Book Review: Freakonomics â€“ Unexpected Comparisons Make Readers Think Twice
Which is more dangerous, a gun or a swimming pool? What do schoolteachers and sumo wrestlers have in common? Why do drug dealers still live with their moms? How much do parents really matter? What kind of impact did Roe v. Wade have on violent crime?
These questions and more are posed in Steven D. Levitt and Stephen J. Dubnerâ€™s â€œFreakonomicsâ€ a book which uses seemingly unthinkable comparisons to examine the economics which make up our everyday lives. It was these questions that interested me in the book, and caused me to check it out recently to find out exactly what conclusions the writers could draw based on such questions.
â€œFreakonomicsâ€ does not promise to have a unifying theme, but instead is completely made up of an economistâ€™s hypotheses about these questions, based on a variety of sources. Rather than present the reader with numbers and statistics, the writers use real life examples to work through some of these questions and find sensible answers.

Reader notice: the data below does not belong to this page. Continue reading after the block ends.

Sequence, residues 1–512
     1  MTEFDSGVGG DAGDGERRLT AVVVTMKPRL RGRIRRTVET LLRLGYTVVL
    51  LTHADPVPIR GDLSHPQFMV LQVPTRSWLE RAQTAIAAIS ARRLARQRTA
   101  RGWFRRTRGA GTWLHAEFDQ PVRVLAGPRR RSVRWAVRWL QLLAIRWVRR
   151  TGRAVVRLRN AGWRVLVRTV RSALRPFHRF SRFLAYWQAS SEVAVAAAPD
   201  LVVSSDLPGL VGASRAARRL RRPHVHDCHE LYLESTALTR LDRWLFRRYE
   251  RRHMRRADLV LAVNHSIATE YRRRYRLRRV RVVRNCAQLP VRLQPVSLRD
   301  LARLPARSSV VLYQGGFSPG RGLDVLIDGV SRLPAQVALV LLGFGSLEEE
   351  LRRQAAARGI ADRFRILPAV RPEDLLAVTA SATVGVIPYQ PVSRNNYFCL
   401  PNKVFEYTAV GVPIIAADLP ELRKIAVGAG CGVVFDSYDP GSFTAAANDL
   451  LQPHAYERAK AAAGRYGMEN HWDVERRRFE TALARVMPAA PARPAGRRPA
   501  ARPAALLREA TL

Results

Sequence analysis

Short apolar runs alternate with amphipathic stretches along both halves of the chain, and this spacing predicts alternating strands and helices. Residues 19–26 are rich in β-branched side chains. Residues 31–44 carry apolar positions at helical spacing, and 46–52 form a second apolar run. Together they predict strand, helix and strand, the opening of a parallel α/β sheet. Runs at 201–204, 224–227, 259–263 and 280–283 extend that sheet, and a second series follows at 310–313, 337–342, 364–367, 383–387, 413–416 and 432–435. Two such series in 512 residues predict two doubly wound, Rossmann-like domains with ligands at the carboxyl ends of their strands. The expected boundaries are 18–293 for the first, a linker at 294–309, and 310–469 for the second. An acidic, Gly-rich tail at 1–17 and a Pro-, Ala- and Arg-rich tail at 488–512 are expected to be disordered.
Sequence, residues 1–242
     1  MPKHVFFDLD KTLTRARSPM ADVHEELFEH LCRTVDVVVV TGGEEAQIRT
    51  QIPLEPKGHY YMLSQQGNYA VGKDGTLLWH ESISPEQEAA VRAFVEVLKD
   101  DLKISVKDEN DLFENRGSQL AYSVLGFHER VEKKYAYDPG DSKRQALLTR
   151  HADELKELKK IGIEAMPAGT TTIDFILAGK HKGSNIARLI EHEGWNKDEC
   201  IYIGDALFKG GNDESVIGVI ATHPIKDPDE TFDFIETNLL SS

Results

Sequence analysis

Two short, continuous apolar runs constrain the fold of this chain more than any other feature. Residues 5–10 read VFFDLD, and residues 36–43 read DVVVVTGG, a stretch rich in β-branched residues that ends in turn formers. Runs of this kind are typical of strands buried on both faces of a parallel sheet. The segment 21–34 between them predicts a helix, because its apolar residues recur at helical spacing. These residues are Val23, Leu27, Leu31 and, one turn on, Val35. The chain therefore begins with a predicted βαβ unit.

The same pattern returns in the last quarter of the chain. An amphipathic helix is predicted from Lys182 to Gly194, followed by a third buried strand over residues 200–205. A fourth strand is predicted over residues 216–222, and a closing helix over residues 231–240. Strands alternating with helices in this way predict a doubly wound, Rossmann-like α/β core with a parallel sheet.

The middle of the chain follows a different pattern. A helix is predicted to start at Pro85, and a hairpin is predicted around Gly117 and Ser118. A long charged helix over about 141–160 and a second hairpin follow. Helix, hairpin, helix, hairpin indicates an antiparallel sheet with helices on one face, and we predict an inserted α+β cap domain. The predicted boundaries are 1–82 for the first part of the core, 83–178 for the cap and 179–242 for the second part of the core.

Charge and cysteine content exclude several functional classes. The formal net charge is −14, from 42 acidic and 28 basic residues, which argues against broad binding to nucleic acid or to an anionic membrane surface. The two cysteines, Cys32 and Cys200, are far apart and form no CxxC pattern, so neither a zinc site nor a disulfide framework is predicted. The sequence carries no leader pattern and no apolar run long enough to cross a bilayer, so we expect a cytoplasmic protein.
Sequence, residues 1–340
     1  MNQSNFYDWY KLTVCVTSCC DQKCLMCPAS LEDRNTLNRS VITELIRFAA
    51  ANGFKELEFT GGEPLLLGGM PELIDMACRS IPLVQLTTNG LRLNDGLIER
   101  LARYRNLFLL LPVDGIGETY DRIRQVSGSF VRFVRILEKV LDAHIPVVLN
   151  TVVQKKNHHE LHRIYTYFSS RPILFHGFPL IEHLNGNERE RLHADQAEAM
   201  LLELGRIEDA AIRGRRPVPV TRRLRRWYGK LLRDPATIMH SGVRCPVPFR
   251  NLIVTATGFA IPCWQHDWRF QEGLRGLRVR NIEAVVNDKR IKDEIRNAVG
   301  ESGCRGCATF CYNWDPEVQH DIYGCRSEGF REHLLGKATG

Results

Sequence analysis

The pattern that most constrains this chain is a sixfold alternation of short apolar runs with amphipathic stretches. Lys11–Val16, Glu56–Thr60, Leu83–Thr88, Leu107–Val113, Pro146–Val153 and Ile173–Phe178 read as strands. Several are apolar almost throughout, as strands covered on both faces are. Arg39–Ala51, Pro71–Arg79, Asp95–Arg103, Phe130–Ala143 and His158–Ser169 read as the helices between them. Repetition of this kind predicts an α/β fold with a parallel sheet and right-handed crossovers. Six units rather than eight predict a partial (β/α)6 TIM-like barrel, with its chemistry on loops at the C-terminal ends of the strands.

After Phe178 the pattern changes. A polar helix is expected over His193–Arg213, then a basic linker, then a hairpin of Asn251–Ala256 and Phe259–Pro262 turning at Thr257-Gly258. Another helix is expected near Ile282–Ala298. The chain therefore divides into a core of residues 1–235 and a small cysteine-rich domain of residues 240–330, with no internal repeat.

While the book does not shy from making generalizations, and in some areas could be considered pretty controversial, while reading I found it pretty fascinating how the writers could compare these seemingly unrelated topics and leave the reader with some fresh thinking.
While â€œFreakonomicsâ€ wonâ€™t directly give you investment advice, it will give you a critical look at many factors that play into economics and society as a whole. If nothing else, it will teach you to not rely on your first impressions, or the assumptions you may have held for a long time. Instead, it encourages you to dig below the surface, examine the things you take for granted and not be afraid to ask seemingly strange, but potentially valuable questions. Itâ€™s certainly an interesting read!